KUALA LUMPUR: Stuck in a 14-day home quarantine, rural empowerment activist Adrian Banie Lasimbang decided to take advantage of the enforced isolation and come up with a working prototype of a solar-powered, electric buggy in the past two weeks.
The 43-year-old, who is also a senator from Sabah in the Dewan Negara (the Malaysian Parliament’s upper house), told CNA he was quarantined from Mar 23 till Apr 5 after coming into contact with a friend who later tested positive for COVID-19.
Although Mr Lasimbang – a politician from Democratic Action Party – tested negative, he was still ordered to stay at home for a fortnight to be completely in the clear.
“I had always planned for a solar buggy, but kept putting it off, because my team and I were busy with micro-hydroelectric projects here in Sabah and around the country,” said Mr Lasimbang, who heads the Center for Renewable Energy & Appropriate Technology (CREATE) Borneo, a social enterprise which specialises in rural electrification.
Normally, Mr Lasimbang and his team would be busy assisting villages, particularly those which are off the main power grid, with building their micro-hydroelectric power supply, or collaborating on other schemes such as installing solar-powered water pumps for rural water supply.
“With the quarantine and the movement control order (MCO), my team and I can’t carry out projects anyway, so we decided to finally put the concept to work. The NGO’s workshop is right next to my house anyway, and many team members couldn’t head back to their kampungs in places like Keningau or Ranau,” he added.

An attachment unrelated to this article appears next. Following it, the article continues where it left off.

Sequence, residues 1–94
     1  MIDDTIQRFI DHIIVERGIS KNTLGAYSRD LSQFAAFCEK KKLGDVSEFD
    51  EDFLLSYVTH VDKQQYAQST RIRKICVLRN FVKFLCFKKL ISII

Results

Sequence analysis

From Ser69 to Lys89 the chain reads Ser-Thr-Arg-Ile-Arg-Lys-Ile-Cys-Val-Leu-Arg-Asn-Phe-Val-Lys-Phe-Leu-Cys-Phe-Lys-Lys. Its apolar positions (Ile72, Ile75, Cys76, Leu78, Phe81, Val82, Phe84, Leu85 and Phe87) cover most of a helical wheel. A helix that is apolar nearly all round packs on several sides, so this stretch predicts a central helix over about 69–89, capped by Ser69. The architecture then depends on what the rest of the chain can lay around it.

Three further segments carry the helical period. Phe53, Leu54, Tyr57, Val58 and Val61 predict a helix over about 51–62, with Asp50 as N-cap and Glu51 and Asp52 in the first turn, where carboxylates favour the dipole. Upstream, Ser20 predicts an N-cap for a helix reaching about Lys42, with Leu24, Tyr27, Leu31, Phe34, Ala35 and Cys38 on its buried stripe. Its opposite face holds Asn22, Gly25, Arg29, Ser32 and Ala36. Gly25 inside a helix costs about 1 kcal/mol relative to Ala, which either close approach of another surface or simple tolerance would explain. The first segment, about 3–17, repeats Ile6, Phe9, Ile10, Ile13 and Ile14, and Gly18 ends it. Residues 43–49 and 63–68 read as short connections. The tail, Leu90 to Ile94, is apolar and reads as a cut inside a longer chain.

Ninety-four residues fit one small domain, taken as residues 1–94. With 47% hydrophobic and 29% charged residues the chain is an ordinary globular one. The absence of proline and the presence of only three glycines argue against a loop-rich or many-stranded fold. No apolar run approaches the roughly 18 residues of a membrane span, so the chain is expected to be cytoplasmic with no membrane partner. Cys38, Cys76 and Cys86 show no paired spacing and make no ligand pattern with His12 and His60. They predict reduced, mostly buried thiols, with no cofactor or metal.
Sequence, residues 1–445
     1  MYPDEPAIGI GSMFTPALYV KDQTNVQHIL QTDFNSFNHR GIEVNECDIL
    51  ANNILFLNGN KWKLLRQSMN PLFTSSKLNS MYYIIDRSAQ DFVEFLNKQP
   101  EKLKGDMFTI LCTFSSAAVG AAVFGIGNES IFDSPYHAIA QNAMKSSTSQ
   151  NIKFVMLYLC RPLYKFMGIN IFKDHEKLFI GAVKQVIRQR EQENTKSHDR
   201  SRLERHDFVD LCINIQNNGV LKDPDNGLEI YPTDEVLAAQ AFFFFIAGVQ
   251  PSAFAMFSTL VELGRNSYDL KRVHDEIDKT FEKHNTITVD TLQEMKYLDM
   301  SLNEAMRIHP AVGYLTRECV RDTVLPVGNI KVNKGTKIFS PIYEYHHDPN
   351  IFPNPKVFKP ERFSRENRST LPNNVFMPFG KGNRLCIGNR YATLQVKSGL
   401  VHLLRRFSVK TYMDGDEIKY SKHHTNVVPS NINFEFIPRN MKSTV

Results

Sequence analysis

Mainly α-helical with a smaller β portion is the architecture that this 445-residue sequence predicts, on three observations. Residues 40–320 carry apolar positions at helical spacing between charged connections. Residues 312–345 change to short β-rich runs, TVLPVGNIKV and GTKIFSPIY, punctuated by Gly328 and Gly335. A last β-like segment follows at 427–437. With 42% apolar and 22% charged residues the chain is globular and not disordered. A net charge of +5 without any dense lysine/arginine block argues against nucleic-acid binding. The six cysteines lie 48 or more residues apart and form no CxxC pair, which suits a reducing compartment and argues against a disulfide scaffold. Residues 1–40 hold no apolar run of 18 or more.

The MCO was enforced to break the infection chain. Originally scheduled for two weeks, it has been extended until Apr 14.
COVID-19 has infected about 4,000 people in Malaysia and claimed the lives of 63 people.
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PUTTING EVERYTHING TOGETHER
Hardware stores were initially closed during the MCO, but Mr Lasimbang has a stockpile of leftover materials in the workshop, from solar panels to steel tubing for the vehicle frame.
Building the frame was not difficult, he said. Installing the solar panels, integrating the electrical power system with the drive system, a 5.3 horsepower direct current (DC) motor, and making sure everything ran, took up most of the quarantine period.
The steering system was salvaged from an old Proton Wira, although Mr Lasimbang had to customise it to fit the much shorter buggy frame.
Mr Lasimbang’s idea was to create a usable and affordable transport system and power source for rural villages, which does not have to depend on generator sets run on expensive fuel.
“Otherwise, the kampung (village) folk would have to spend money and time to go to town, just to bring back fuel to run their generator sets or power their motorbikes,” he said.
As such, the CREATE team installed four solar batteries, far larger than the normal buggy’s, to hold a 1,000ah charge. This also meant that the batteries took up nearly half the buggy’s weight.
To fulfil its role as a power source, Mr Lasimbang and his team also installed an inverter, to regulate and convert the flow of DC power from the battery to AC (alternating current) to power other electrical appliances at home.